A Parent’s Guide to Be Prepared (Graphic Novel)

WARNING: Reading this article may give away things in the story ranging from unimportant to plot turners.

Be Prepared by Vera Brosgol

Type: Camp, Coming of Age

Basic Plot: Vera tells a half-fiction, half biography of her year at camp.


Plot: 4/5 Well Done: The plot, partially based off of true events, has plenty to relate to and sympathize with, as well as enough to make it unique. The emphasis on Russian culture and the isolation a character, both in and out of its own people, is a great one that many people struggle with. It also builds and develops both character and story to a satisfying conclusion.

Graphics: 4/5 Well Done: The graphics were lovely, being proportional and realistic, with just the right amount of detail. It also was consistent throughout the whole of the book.

Moral: 1½/5 No Real Moral: The story’s emphasis was not on really teaching a lesson, merely talk about a person’s life as they go through the growing up process. Little gems about friendship can be seen throughout, but there isn’t a core moral to the story.

Overall: 4/5 Well Done: Overall, this is a beautiful, relatable comic about the awkwardness of becoming an adult and the true horrors of summer camp. I think preteen girls would enjoy it best.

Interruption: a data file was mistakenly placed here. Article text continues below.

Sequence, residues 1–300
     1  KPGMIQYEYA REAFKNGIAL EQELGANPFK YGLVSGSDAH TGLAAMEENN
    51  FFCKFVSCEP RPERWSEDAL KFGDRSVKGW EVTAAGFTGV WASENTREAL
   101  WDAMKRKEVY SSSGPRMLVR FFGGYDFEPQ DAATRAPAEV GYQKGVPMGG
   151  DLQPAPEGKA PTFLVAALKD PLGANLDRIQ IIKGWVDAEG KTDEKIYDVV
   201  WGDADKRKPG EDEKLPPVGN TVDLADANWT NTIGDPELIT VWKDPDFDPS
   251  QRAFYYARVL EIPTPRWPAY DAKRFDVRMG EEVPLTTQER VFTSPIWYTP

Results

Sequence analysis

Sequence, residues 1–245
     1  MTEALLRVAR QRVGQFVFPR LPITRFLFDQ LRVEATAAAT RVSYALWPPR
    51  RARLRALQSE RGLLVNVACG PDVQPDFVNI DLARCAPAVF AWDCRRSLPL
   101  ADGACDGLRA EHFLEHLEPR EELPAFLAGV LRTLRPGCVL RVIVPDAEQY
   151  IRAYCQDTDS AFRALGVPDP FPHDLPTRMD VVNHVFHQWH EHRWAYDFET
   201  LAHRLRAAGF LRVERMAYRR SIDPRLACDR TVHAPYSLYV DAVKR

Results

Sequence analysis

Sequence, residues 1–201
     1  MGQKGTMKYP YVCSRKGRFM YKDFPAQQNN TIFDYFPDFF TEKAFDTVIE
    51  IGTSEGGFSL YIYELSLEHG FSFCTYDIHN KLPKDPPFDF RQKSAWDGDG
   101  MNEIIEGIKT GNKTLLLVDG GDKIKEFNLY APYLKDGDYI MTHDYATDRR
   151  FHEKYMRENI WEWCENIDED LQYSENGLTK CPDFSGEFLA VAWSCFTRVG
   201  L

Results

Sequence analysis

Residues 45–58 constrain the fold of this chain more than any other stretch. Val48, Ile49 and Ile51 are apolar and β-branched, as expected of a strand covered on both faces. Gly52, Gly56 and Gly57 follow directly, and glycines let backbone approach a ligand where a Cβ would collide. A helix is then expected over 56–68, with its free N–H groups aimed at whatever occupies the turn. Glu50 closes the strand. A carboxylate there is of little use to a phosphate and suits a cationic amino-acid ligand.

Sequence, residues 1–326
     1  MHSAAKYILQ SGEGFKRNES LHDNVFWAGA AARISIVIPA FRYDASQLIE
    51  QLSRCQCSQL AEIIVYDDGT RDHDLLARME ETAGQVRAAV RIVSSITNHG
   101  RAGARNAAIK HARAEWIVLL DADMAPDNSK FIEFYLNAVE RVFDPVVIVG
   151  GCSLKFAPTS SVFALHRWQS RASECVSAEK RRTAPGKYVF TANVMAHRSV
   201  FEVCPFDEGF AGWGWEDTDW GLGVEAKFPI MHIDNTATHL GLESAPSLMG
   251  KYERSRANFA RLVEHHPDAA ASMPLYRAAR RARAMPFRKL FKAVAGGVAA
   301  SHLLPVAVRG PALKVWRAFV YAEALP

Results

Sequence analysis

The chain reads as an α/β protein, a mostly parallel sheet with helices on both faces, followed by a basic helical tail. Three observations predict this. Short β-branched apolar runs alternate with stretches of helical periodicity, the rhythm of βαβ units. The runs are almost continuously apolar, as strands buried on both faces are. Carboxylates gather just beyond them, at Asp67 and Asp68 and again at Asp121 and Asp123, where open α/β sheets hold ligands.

Moral Content

Sexual and Inappropriate Content: 3½/5 Sexual Jokes and Growing Up Themes: A boy is called “tit head” at least twelve times. A girl’s blood stained underwear is hung on the flag pole. A girl says that she “bet[s] all the boys know where her underwear is.” A girl sees pads and asks what they are. A girl is called “cute” for not having her cycle and not wearing a bra. A nine year old is called “gross” for not wearing a bra. A nine year old girl is shirtless, and girls are shown in swimsuits and once in their bras and underwear changing. A girl catches a boy and girl kissing and hugging in the dark. A doll has a large bust. It shows a girl packing her underwear and swimsuit. Boys pee in the woods and girls are shown using the restroom in the woods or on wood over holes. The girl’s legs are shown to the thigh, but not the back or front. A girl scoots closer to a boy and is told, “just climb in his lap already,” to which the boy responds enthusiastically. A girl is falsely accused of wanting to kiss a picture of a boy and of liking him. A girl tries to look at a boy as cute but can’t.

A girl gives her friend a historical doll’s chamber pot. A boy writes the word “fart” on a blackboard. A ghost story is told about a little boy going to the bathroom, then being sat on and falling into the poop hole. Characters joke that a boy’s father would look in the poop for someone and that they should do that to him. Boys are forced to measure poop holes and another is forced to “bury the latrine.” It is implied that boys used the restroom in their underwear.

Violence: ½/5 Attempted Violence: Two girls lunge at each other.

Swearing and Using the Lord’s Name in Vain: 3/5 Some Misuse and Brief Mention: God’s name is taken in vain five times. “Geez” is said once. In the author’s real letter, she used the word “sucked” and mentions she was called the “F-word.”